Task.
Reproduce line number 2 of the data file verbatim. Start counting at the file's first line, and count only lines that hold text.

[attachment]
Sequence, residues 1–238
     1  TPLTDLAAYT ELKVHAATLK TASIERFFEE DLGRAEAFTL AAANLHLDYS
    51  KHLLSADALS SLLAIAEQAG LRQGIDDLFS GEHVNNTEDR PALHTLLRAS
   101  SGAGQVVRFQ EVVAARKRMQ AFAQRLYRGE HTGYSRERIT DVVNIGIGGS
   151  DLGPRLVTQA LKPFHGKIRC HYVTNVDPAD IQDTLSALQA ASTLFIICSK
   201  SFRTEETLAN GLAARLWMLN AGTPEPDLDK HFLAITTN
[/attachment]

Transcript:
     1  TPLTDLAAYT ELKVHAATLK TASIERFFEE DLGRAEAFTL AAANLHLDYS